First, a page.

Functional MobilizationTM (FM) combines active and resisted movement (PNF) with soft tissue and joint mobilization to facilitate normalization of mechanical, neuromuscular, and motor control dysfunctions. The approach was first developed by in the 1980's to treat difficult cases especially those involving complex musculoskeletal and neuromuscular dysfunctions. Consistent with its success, it now a Credential Residency Program offered by the American Physical Therapy Association (Advanced Training in Evidence Supported Clinical Reasoning and Dynamic Manual Therapy).
Functional Manual Therapy uses specific evaluation techniques to identify movement dysfunctions that contribute to pain, decreased mobility and degenerative changes. Based on the evaluative findings, specific hands on therapy techniques and movement patterns are used to restore efficient mobility of the joints and soft tissues which include muscle, nerves, organs, fascia, skin, tendons and ligaments. Once efficient mobility of the system has been restored, neuromuscular re-education is utilized to improve specific muscle initiation, strength and endurance. The final component is to improve motor control, which focuses on proper movement patterns that allow for the most efficient use of the body. This includes integration of sports specific movements, to everyday activities such as walking, lifting, active sitting, and other day to day activities.
Although physical therapists often use some manual therapy as part of a physical therapy treatment plan, it is worth clarifying the difference between physical and manual therapy. Physiotherapy typically consists of individualized exercise therapy, including active and postural or relaxation exercises, stretching, and functional exercises. Manual therapy consists of a range of hands-on techniques including muscular mobilization, joint and spine mobilization, coordination or stabilization. Here joint and spine mobilization involves low velocity passive movements within the limit of joint range of motion. This is quite different than the spinal manipulation (low amplitude, high velocity techniques) associated with chiropractors.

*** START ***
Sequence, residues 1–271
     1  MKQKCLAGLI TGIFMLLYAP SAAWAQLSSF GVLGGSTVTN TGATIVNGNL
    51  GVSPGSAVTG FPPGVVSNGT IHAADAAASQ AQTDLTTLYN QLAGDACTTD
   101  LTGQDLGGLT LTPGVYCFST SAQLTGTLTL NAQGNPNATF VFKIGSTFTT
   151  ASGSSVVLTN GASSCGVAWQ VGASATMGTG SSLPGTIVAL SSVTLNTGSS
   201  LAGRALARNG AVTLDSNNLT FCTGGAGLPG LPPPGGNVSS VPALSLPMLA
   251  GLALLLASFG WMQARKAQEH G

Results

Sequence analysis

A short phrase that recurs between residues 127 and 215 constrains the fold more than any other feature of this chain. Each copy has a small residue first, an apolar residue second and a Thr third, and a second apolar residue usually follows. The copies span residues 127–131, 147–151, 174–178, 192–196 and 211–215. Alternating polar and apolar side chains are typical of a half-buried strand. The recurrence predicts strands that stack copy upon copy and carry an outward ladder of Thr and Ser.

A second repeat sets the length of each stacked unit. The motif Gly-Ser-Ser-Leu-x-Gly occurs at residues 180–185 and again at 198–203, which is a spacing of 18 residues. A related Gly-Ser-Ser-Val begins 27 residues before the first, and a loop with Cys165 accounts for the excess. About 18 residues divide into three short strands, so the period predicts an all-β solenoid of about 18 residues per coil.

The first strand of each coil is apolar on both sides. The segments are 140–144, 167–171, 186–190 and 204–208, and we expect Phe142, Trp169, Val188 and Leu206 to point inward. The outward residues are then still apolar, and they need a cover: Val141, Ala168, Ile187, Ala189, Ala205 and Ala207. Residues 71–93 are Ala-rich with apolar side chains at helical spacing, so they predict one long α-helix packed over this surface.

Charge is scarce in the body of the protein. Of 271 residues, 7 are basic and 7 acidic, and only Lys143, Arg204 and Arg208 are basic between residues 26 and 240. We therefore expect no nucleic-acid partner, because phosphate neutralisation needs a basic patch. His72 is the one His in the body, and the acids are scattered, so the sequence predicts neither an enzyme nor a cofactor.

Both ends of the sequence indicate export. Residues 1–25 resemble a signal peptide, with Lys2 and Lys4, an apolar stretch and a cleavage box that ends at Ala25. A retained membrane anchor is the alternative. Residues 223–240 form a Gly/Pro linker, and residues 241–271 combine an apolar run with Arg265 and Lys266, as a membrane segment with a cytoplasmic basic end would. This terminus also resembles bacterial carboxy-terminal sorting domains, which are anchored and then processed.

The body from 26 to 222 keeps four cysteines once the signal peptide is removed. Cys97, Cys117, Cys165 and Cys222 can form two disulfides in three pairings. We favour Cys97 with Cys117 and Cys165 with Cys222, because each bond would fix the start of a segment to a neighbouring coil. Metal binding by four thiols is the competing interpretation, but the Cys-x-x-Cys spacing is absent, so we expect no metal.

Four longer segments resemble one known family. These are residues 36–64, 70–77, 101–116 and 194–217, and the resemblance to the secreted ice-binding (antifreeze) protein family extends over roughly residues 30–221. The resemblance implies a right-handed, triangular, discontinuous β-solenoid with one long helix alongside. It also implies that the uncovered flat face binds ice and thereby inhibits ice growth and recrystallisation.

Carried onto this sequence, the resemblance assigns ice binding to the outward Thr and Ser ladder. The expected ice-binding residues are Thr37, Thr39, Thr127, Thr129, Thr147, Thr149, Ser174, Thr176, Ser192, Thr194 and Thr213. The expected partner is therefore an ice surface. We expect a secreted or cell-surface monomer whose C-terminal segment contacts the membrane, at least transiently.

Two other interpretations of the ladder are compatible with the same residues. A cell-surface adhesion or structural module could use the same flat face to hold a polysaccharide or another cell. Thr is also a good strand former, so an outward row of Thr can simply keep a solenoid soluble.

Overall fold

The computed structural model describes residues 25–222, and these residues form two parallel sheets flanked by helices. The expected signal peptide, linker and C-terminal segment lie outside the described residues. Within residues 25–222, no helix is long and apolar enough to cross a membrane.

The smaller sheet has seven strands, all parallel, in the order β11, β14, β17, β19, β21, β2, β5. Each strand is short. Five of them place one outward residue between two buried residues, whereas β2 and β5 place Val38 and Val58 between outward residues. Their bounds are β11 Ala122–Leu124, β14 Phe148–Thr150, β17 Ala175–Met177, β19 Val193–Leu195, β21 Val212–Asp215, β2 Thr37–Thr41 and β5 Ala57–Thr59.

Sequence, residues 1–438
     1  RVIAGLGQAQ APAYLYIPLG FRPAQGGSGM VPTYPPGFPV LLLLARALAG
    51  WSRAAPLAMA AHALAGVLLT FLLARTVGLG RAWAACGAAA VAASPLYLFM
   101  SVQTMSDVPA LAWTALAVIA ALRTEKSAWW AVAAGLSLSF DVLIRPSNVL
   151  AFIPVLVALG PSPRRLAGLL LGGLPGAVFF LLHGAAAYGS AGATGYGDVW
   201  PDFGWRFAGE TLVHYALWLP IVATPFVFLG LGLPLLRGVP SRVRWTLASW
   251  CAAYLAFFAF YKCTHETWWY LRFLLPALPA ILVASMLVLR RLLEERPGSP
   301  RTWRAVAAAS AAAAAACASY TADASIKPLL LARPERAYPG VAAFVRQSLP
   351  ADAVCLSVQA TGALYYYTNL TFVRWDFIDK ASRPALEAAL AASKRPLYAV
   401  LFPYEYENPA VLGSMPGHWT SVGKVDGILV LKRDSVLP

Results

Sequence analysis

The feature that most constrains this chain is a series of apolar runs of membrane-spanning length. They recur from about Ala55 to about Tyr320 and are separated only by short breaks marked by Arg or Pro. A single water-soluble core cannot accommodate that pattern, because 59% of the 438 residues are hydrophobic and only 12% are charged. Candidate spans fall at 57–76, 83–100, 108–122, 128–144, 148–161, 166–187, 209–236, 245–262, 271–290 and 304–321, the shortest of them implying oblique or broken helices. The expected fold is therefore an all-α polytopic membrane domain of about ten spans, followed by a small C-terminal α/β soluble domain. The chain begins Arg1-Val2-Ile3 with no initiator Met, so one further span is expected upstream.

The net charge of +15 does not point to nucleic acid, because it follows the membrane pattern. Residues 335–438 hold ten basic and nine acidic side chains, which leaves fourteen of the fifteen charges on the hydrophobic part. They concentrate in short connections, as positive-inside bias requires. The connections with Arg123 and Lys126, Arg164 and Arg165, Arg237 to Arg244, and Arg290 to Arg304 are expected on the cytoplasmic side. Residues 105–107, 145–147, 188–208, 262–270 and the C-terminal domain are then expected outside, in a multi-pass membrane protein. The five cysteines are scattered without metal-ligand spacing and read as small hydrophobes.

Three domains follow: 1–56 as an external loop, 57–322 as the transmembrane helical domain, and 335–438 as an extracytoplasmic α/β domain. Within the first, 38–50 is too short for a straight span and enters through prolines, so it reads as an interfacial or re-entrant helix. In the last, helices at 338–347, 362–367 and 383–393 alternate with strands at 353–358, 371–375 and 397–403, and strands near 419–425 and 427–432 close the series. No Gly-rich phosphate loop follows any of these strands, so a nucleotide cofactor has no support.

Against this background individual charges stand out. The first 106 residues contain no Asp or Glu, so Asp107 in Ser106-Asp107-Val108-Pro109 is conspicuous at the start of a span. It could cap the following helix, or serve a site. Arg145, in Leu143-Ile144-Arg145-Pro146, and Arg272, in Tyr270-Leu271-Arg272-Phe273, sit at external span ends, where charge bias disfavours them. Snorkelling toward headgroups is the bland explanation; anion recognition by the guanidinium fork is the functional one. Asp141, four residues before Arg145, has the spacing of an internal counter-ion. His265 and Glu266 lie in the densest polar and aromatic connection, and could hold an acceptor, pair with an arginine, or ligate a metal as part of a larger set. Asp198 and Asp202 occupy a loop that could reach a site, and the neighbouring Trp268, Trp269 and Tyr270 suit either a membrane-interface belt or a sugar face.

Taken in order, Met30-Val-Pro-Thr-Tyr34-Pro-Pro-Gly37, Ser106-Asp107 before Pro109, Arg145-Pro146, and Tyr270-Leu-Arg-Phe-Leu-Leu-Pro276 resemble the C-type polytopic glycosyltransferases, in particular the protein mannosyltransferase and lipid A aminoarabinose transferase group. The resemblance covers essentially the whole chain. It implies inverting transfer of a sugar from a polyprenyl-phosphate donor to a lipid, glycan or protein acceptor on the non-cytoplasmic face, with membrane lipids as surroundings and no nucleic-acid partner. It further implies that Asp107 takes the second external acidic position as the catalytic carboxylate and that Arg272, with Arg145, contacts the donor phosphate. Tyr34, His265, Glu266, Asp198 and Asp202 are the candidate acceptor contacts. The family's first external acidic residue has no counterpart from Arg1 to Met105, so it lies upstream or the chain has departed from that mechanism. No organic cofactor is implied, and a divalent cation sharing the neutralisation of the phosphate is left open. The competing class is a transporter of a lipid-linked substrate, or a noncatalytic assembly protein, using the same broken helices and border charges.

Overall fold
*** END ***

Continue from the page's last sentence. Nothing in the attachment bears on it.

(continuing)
As a type of manual therapy, where FM shines is with difficult cases such as when the patient's condition-whether due to injury or a disease process- makes it difficult to recruit muscles appropriately, maintain posture or build muscle mass. Unfortunately, not being able to exercise compounds the patient's problem, resulting in a vicious cycle. Functional mobilization can be the link that allows the patient to return to exercise.
Dr Angela Yekrangi, DPT, COMT and founder of Cutting Edge Physical Therapy & Rehabilitation first got turned on to Functional Mobilization when she was in graduate school. For her, the wonder of the technique lies in how successfully it leverages the fact that motor function involves such a strong sensory component. FM allows the therapist to influence the sensory input and coax a more appropriate motor response. This can then be built on with more traditional physical therapy methods and augmented with a home program.
The FM training has been a great compliment to other physical therapy modalities, allowing Cutting Edge to produce superior outcomes, even with complex and difficult conditions. If you have any questions regarding the effectiveness of Functional Mobilization or whether it might be appropriate for one of your patients, please don't hesitate to contact our office.